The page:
Feeling the need to reach the mysterious anomaly as fast as possible, as I was running out of game-time due to some real-life scheduling coming up soon, I decided that the best course of action to reach it fast would be to sent another rocket to the Mun. Now, reaching a specific spot on the Mun is, with my amateurish abilities in orbital physics and piloting, a rather fuel-intensive exercise but I didn't need to get whomever I was sending up there back because now I had a MunBase where they could go after exploring the anomaly. So I fired up another Munshot I, the trusty ship that had sent my first manned Munar mission successfully there and back again, figuring I could use the fuel originally reserved for the return-trip in order to fly the thing to a landing-spot near the anomaly - and then walk the rest on foot.
The ship went up to the Mun in less than six hours. Deceleration and aiming at the landing-site went well and soon I was getting close to the anomaly, which turned out to be a huge stone arch, an object called MunArch by the KSP community, as I would find out later:
|The MunArch, residing on the ridge, overlooking the crater-bed below...|
|Larger than I had thought - but you can see it from rather far away.|
I didn't want to waste jet pack fuel while walking there so Ed could actually jet up onto the huge arch. It took a few seconds and then he had a rather spectacular view of the surroundings. The first anomaly that the MadSpaceProgram had ever encountered. I had by now checked the games wiki in order to find that there are quite a lot of anomalies spread around the solar system, which makes the exploration so much more exciting that I have problems to fathom it all. An important thing is that you cannot be compulsive about these things, unless you're unemployed and have no life other than this game. Try to find some, but not all of them...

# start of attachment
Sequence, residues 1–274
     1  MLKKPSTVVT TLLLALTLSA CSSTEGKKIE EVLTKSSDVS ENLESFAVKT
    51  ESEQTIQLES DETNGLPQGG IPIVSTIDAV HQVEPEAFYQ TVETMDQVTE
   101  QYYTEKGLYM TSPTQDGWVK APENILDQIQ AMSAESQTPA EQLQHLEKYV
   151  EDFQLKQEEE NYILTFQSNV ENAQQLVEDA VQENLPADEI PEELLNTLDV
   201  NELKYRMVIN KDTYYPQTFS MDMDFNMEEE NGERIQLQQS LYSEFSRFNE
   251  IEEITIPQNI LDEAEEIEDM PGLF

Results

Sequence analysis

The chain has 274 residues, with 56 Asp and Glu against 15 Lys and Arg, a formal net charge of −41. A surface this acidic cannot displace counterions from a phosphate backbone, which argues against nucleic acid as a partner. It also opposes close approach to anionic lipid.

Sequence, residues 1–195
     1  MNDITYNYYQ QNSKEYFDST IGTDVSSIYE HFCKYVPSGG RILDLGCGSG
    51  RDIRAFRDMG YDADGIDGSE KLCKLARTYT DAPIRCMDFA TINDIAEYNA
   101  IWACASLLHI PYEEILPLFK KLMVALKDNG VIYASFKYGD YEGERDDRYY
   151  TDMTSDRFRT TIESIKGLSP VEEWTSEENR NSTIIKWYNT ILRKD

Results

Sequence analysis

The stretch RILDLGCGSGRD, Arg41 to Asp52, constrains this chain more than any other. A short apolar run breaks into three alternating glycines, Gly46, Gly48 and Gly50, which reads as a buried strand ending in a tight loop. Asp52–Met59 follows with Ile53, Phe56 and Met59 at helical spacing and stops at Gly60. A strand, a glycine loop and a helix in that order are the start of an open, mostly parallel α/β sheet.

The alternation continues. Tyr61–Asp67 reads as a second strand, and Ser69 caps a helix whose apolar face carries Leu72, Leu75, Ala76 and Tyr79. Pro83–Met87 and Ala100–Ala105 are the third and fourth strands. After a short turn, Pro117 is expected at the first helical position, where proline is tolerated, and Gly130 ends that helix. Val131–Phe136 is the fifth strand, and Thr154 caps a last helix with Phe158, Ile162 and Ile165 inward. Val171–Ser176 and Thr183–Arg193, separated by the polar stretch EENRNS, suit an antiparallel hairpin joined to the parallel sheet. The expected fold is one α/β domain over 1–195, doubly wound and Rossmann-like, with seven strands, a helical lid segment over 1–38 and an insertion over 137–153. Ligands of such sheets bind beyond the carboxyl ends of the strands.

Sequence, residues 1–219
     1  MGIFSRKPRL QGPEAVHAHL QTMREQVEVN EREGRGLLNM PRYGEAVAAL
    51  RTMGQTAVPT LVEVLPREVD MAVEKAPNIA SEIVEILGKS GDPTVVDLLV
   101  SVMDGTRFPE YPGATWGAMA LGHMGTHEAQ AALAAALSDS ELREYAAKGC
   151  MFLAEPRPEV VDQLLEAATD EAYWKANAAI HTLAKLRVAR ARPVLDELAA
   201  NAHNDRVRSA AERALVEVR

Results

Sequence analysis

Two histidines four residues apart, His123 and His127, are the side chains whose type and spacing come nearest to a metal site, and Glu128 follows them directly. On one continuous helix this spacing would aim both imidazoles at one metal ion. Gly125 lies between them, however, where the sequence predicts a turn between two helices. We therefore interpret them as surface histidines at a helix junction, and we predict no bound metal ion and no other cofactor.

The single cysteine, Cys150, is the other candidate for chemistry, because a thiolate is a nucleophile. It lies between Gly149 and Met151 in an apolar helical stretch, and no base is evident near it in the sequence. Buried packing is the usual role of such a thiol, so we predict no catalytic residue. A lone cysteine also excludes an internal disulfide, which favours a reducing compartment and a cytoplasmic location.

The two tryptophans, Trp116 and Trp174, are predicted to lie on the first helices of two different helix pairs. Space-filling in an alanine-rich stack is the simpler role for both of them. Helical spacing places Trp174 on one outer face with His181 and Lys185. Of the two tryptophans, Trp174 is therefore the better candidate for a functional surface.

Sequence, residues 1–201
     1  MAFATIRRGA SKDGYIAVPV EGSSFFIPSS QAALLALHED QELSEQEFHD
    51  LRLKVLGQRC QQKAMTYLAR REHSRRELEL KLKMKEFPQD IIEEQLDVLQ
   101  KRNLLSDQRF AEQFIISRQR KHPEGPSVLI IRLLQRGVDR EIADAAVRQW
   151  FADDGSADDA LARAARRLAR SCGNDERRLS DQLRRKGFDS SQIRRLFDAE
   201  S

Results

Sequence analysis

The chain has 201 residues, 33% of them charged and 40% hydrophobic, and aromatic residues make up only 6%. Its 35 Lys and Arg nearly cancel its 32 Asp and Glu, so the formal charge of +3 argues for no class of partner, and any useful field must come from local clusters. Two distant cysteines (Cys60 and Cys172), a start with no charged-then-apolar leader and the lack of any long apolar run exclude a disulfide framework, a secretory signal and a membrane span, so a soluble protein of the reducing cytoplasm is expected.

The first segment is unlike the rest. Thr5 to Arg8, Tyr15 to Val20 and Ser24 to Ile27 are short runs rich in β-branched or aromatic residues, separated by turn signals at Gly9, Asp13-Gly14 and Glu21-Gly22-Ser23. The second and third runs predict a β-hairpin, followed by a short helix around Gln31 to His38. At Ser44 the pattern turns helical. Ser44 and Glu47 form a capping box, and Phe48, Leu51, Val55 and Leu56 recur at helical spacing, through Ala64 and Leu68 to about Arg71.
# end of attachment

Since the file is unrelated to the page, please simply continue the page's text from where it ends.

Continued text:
|Distances to the lander and MunBase Alpha visible. Somewhere in between there is a Kerbal, just standing and waiting...|
Anyways, I had to get my two Kerbals walking around the Mun back to the MunBase. I had already designed a rover but not yet tested it - it was time for that. My rover is fueled with eight ports of RCS-thrusters and has a back-up ion drive for when everything else runs out. It has an A.I.-box to drive it when there is no driver inside so it can actually go and pick someone up to get them home. The cockpit holds one Kerbal. It's a light-weight, simple design. I strapped not only an asparagus-rocket for getting it to the Mun to it, but also a smaller stage with a nuclear drive (nuclear drives are weaker but more fuel-efficient than the regular thrusters), which was supposed to get the rover above the target landing-area and slow it down enough so I could then just drop the thing to the Munar surface. It would have to half-crash-land and then - then I'd drive it first to one Kerbal, drive him back to MunBase Alpha, then to the other one, pick them up and get them to the base too. The mission seemed completely doable, once the rover was on the Mun and if the fuel-efficiency during driving would be good enough. Little did I know what lay ahead for the MadSpaceProgram...